A mass spectrometer (or mass spectrograph) is a device to determine the masses of molecules. The general method is to send ionized molecules through a magnetic field that give them a sideways push and measures their resulting trajectories, the heavier molecules being affected less and having straighter trajectories. Ratios of the counts of known molecules can be determined through measuring the number reaching two different areas. This practice is called mass spectrometry. The word spectrometer (or spectrograph) is used because the device's ability to measure molecules by mass is analogous to the measurement of visible light by wavelength.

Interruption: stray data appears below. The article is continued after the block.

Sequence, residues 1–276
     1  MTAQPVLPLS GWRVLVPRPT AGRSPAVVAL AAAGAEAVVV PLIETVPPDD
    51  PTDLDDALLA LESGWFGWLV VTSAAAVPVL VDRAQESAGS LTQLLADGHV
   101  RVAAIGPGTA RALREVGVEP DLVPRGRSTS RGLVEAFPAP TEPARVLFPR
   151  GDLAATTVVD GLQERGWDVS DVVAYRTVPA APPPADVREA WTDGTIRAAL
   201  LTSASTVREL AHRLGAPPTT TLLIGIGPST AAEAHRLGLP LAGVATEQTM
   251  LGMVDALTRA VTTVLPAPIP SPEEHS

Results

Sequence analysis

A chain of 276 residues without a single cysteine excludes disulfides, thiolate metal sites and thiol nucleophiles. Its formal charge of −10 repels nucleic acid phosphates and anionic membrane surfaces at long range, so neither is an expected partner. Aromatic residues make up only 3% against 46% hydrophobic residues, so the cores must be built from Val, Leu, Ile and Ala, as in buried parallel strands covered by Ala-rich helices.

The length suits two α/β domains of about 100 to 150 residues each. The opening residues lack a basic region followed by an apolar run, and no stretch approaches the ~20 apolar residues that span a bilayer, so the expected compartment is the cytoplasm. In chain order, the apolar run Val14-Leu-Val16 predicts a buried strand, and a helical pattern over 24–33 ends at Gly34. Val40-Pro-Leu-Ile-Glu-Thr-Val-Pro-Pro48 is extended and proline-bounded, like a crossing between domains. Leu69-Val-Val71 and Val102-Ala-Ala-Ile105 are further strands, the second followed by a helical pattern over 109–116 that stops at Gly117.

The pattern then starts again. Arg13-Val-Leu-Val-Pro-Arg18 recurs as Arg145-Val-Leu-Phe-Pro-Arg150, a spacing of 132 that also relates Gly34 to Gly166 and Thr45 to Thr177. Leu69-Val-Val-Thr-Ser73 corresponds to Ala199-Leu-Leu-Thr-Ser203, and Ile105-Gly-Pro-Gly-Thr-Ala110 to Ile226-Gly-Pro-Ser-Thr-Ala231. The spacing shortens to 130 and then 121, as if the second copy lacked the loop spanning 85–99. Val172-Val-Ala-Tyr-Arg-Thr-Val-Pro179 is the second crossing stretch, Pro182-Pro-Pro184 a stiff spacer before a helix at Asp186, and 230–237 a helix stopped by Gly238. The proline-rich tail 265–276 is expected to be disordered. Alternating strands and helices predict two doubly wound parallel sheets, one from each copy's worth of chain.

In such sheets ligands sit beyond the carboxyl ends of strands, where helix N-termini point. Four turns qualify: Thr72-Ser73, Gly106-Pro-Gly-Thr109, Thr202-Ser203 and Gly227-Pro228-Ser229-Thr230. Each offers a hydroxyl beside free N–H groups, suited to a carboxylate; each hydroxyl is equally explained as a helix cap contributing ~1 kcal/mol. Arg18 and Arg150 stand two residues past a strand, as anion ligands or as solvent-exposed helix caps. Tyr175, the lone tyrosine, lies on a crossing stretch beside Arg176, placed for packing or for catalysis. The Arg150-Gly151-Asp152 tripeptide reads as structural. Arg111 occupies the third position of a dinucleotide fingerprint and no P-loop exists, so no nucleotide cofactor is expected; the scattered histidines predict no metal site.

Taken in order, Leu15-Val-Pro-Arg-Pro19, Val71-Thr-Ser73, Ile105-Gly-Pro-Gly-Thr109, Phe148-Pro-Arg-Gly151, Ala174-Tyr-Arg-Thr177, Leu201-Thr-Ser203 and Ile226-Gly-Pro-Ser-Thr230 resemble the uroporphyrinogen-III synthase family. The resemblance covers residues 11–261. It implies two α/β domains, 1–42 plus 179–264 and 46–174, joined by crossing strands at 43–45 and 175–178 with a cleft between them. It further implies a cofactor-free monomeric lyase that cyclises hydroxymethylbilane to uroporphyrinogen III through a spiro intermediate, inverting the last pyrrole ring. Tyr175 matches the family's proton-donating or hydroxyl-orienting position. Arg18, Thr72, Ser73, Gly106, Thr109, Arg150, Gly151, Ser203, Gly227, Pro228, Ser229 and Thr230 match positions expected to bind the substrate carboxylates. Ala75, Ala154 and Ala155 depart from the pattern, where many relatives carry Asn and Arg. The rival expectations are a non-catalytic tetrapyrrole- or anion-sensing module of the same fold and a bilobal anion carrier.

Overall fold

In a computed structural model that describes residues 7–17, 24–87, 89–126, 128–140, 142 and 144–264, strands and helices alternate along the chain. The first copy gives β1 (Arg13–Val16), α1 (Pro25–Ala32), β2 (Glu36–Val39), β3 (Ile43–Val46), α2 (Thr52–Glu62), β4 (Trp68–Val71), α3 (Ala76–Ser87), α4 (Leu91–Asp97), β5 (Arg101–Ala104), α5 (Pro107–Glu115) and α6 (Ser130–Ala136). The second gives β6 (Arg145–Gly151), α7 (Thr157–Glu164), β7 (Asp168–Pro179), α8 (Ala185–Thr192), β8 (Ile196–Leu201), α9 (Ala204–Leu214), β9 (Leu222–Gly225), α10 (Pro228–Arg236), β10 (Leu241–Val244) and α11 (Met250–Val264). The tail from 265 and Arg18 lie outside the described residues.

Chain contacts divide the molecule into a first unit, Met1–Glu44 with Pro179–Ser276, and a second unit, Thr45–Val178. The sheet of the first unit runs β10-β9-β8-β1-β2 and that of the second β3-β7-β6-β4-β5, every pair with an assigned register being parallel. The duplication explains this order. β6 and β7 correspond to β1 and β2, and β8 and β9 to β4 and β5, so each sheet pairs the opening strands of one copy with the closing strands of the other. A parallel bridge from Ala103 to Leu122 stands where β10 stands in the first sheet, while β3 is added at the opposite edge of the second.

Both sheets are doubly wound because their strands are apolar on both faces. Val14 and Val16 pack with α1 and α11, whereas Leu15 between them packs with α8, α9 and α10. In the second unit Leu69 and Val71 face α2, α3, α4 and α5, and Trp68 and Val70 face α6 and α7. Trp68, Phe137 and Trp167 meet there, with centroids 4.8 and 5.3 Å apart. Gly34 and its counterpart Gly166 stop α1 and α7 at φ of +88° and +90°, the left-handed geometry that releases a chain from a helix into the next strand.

To measure the amounts of rarer constituents (i.e., traces), a mass spectrometer may include an enrichment mode mechanism, allowing some compounds to be removed, typically by exposing the material to some chemical that will react with it, i.e., draw it out in some manner, it from the gas, after which the spectrometer is used to determine the relative amounts of the remaining constituents. This works best with some foreknowledge of the constituents and/or for measuring noble gases.
Mass spectrometers are included in space probes, to analyze material from dust or associated with solar system planets, moons, comets, or asteroids, either gathered by a lander, or collected from flying through the body's atmosphere or plume residue.